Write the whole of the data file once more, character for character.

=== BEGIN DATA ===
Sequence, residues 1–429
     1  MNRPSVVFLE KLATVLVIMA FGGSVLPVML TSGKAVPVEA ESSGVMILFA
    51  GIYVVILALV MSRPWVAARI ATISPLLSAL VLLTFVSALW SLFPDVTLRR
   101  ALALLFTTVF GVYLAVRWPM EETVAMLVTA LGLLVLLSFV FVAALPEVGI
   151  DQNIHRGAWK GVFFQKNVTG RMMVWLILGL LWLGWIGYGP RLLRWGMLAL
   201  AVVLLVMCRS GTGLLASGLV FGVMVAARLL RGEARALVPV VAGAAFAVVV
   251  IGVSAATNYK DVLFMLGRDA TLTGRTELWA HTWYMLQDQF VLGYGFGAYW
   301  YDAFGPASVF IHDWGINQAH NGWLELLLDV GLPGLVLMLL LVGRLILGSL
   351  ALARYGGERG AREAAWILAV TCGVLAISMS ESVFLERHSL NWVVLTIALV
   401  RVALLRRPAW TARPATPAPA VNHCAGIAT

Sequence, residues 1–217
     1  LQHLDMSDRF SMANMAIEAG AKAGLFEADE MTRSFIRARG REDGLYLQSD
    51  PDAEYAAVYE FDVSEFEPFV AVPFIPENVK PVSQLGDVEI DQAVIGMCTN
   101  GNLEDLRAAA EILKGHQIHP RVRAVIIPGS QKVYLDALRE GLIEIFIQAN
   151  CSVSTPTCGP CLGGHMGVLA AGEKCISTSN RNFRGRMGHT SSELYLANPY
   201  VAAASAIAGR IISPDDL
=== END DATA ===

Sequence, residues 1–429
     1  MNRPSVVFLE KLATVLVIMA FGGSVLPVML TSGKAVPVEA ESSGVMILFA
    51  GIYVVILALV MSRPWVAARI ATISPLLSAL VLLTFVSALW SLFPDVTLRR
   101  ALALLFTTVF GVYLAVRWPM EETVAMLVTA LGLLVLLSFV FVAALPEVGI
   151  DQNIHRGAWK GVFFQKNVTG RMMVWLILGL LWLGWIGYGP RLLRWGMLAL
   201  AVVLLVMCRS GTGLLASGLV FGVMVAARLL RGEARALVPV VAGAAFAVVV
   251  IGVSAATNYK DVLFMLGRDA TLTGRTELWA HTWYMLQDQF VLGYGFGAYW
   301  YDAFGPASVF IHDWGINQAH NGWLELLLDV GLPGLVLMLL LVGRLILGSL
   351  ALARYGGERG AREAAWILAV TCGVLAISMS ESVFLERHSL NWVVLTIALV
   401  RVALLRRPAW TARPATPAPA VNHCAGIAT

Sequence, residues 1–217
     1  LQHLDMSDRF SMANMAIEAG AKAGLFEADE MTRSFIRARG REDGLYLQSD
    51  PDAEYAAVYE FDVSEFEPFV AVPFIPENVK PVSQLGDVEI DQAVIGMCTN
   101  GNLEDLRAAA EILKGHQIHP RVRAVIIPGS QKVYLDALRE GLIEIFIQAN
   151  CSVSTPTCGP CLGGHMGVLA AGEKCISTSN RNFRGRMGHT SSELYLANPY
   201  VAAASAIAGR IISPDDL